IRELAND: Corrib gas talks expected to continue next month - Shell to Sea protestor jailed
March 23rd, 2009
Corrib gas talks expected to continue next month
LORNA SIGGINS Marine Correspondent
Sat, Mar 21, 2009
TALKS involving the Government, Shell senior management and north Mayo
representatives over the Corrib gas impasse are expected to continue
next month, following almost five hours of discussions in Dublin
The talks, involving three members of the Rossport
Five, were described last night as “full and frank” in a joint
statement issued afterwards by Minister for Energy Eamon Ryan and
Minister for Community, Rural and Gaeltacht Affairs Éamon Ó Cuív.
issues were discussed, and it was agreed to give some time for all
parties to reflect,” the Ministers said. They were “hopeful that there
will be a follow-up meeting as soon as possible”.
chaired by former Department of Justice secretary general Joe Brosnan,
was held at Mr Ó Cuív’s department headquarters in Mespil Road, Dublin.
represented the first direct talks between Rossport Five members and
Shell since the five were jailed for 94 days in 2005 over their
opposition to the routing of the high-pressure Corrib gas onshore
Shell was represented by John Gallagher, vice-president
(technical) of Shell EP Europe, and Terry Nolan, Shell EP Ireland
When a third Shell nominee was unable to
travel, attempts to nominate substitutes, including Shell EP Ireland
director John Egan, were overruled by the Erris community delegation
before discussions began.
The Mayo delegation included Rossport
Five members Micheál Ó Seighin, Vincent McGrath and Willie Corduff of
Pobal Chill Chomáin community group, along with Fr Michael Nallen, Mary
Corduff and John Monaghan.
Erris group Pobal le Chéile, which
represents business interests in the area, was represented by four
delegates, including former Air Corps pilot and adventure sports
company director Ciarán Ó Murchú and fisherman Anthony Irwin.
Nallen was one of three priests who proposed a compromise location for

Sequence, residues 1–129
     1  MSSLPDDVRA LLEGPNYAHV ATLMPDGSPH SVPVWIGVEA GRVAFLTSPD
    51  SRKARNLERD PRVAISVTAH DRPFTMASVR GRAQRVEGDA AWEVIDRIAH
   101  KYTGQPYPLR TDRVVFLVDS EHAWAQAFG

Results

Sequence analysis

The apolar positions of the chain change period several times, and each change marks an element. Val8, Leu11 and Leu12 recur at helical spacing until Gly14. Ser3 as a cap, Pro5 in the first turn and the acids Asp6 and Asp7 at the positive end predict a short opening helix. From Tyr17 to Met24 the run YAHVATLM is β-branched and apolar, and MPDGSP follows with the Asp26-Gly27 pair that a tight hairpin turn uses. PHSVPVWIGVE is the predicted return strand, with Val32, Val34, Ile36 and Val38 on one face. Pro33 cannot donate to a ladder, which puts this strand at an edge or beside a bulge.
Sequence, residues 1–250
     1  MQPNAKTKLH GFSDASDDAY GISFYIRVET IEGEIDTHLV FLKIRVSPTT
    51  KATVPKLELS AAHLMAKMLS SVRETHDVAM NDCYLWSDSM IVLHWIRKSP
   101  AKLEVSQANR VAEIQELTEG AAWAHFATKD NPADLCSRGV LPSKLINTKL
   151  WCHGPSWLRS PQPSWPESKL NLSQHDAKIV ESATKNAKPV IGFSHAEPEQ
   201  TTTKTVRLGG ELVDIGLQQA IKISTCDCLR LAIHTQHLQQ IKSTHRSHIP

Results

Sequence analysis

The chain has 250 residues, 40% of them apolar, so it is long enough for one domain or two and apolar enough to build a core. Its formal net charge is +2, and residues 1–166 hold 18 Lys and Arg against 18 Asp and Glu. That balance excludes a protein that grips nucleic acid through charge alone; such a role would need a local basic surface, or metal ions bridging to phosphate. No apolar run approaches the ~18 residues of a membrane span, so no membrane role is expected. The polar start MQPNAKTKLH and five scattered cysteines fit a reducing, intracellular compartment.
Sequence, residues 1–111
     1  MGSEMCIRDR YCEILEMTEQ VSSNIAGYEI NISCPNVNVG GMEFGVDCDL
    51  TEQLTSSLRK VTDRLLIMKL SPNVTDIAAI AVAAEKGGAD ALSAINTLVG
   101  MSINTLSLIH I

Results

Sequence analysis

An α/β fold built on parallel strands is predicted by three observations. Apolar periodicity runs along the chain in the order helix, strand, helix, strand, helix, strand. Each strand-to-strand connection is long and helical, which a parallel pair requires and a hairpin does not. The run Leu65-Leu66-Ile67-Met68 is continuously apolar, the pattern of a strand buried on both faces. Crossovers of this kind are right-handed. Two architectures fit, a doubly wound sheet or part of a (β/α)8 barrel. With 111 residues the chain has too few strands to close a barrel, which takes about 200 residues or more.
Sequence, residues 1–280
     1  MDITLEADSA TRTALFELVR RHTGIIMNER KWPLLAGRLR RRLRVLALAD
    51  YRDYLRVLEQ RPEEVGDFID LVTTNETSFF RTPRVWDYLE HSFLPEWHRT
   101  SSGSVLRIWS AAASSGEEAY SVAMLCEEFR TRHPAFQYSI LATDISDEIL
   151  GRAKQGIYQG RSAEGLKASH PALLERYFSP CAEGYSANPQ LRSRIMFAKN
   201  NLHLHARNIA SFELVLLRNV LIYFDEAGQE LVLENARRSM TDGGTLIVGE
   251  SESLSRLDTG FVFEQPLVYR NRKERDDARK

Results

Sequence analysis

the Corrib gas terminal at Glinsk, which has been rejected by Shell.
Both community groups support Fr Nallen’s compromise, while Shell to Sea is still holding out for an offshore terminal.
to Sea was not invited to participate, according to its spokesman,
Naoise Ó Mongáin, who staged a picket outside yesterday’s discussions
at Mespil Road.
“Even if we were invited, we would not talk to Shell, while Maura Harrington is in Mountjoy Jail,” Mr Ó Mongáin said.
his wife, was imprisoned for 28 days by Judge Mary Devins at Belmullet
District Court earlier this month for an assault on a garda.
Brosnan and the Ministers have said that the discussions will have an
“open agenda” – the first time that the State has not tried to confine
resolution attempts to particular terms of reference.
Shell EP Ireland has said it welcomes the opportunity to “participate in a positive and open manner in these talks”.
Chill Chomáin and Pobal le Chéile said they had agreed to accept the
invitation from the Ministers “in an effort to resolve the issues that
have plagued the Corrib gas project since its initiation in 2000”.
Bord Pleanála is still in the early stages of assessing Shell’s revised
plans for a modified pipeline route, and for planning approval for the
critical beach valve station at Glengad.
The Organisation for
Economic Co-operation and Development (OECD) has already indicated that
it will initiate separate mediation on the issue between Shell and
Pobal Chill Chomáin, following confirmation that a complaint lodged by
the north Mayo community is “admissible”.
Shell EP Ireland said
in a statement last night it was “very glad to have had the opportunity
to meet today with the groups who oppose the project” and the
discussions were “open, frank and constructive”.